The first air furnace built in the Joplin mining district was constructed by Moffet and Sergeant.  T. Casady, a man from Wisconsin, handled the first pound of mineral which was smelted in this district in the mill erected by them.  The smelter was located in the Kansas City Bottoms between East and West Joplin.  A. Campbell, H. Campbell, A. McCollum, and myself were the first smelter employees in this district.  The fuel used in the smelter was cordwood and dry fence rails, which were hauled from the surrounding country.  The first men who handled rails and sold to the smelters were Warren Fine and Squire Coleman, the latter now living in Newton County.

The hotel accommodations at that time were poor and the first ‘beanery’ was a 24×16 foot shack erected by H. Campbell.  His family occupied the house and they boarded the smelter crew.  We found sleeping quarters wherever we could find room to pitch our tents. the boys would stretch their tents and then forage enough straw to make a bed and this was the only home known to them.  E.R. Moffet and myself slept in the smelter shed on a pile of straw and for some time we slept in the furnace room on the same kind of bed.  About the last of August of the same year Mr. Campbell erected what was then quite a building.  It was two stories high, four rooms on the ground floor, and two above.  This was at the southwest corner of Main and First Streets, now called Broadway.  Just about this time Davis and Murphy began the erection of a store building just across the street from the hotel.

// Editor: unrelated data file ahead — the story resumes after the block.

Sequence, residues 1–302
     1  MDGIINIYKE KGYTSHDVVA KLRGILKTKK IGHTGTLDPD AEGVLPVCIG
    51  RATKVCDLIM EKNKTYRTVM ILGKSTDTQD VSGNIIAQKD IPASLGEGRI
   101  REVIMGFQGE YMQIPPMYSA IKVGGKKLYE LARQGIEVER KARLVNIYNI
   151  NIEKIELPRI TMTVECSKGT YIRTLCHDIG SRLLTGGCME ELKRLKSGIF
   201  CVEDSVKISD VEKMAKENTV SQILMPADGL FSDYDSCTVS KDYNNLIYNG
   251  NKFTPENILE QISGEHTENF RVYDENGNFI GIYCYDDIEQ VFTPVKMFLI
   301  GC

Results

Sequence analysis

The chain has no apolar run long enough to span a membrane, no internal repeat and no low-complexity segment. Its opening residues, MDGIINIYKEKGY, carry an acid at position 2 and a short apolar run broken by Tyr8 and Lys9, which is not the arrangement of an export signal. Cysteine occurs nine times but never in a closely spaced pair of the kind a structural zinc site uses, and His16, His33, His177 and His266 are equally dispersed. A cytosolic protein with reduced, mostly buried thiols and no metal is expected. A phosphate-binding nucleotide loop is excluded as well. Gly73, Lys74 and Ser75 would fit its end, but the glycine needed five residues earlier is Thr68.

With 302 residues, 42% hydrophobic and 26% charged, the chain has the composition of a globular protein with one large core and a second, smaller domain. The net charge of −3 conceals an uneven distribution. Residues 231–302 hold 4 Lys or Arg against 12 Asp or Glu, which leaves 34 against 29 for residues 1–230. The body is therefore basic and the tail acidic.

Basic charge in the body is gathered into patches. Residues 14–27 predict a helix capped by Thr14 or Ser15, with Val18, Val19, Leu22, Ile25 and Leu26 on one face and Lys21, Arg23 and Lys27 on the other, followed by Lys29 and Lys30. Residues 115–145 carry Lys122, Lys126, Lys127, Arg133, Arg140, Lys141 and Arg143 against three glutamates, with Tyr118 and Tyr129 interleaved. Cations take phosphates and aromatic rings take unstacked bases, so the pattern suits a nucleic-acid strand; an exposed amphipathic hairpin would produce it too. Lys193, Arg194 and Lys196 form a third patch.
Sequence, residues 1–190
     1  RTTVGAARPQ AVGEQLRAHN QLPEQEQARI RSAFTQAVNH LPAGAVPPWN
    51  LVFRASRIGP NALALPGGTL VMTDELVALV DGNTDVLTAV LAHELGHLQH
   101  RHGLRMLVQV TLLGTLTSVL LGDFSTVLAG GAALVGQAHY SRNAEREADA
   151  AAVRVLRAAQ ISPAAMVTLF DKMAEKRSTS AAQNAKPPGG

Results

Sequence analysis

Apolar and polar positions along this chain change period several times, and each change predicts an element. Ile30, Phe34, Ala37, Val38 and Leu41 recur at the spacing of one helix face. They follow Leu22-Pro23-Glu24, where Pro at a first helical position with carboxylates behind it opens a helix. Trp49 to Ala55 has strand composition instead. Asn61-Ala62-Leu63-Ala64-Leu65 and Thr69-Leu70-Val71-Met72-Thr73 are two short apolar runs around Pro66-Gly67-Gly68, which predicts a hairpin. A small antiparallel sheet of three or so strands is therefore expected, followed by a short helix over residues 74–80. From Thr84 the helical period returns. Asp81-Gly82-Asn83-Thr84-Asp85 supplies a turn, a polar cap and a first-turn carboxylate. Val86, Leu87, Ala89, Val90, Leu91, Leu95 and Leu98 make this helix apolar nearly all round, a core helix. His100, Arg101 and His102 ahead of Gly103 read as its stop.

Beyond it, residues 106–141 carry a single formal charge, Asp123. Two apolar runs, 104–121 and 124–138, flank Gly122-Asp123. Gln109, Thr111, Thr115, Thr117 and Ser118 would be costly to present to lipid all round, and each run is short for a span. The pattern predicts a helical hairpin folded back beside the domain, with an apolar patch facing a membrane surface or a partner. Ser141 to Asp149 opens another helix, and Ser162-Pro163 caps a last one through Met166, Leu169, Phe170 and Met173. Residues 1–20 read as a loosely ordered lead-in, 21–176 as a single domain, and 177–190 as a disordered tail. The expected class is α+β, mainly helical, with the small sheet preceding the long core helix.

Photograph of one of Joplin's first hotels, the Bateman Hotel

Another early hotel was the Bateman hotel, moved from Baxter, Kansas, to Joplin in 1872. It promptly burned down three years later.

Speaking of the first business building erected in Joplin, William Martin built a 16×16 box building on Main Street between First and Second Streets and put in about $125 worth of groceries and a small load of watermelons.  Soon after this, a man known as ‘Big Nigger Lee’ established a grocery store on the opposite side of the street from Martin.  He put in a larger stock but did not have as good a trade as Martin on account of having no watermelons.  Some of the older residents remember ‘Big Nigger’ Lee as he was in business here for several years.”

More to come from the reminiscences of G.O. Boucher and in the future, Historic Joplin will address the issue of racism in Joplin to provide a clearer picture of how hatred affected the city’s African American citizens.

Source: Joplin Globe, “A History of Jasper County, Missouri, and Its People,” by Joel T. Livingston.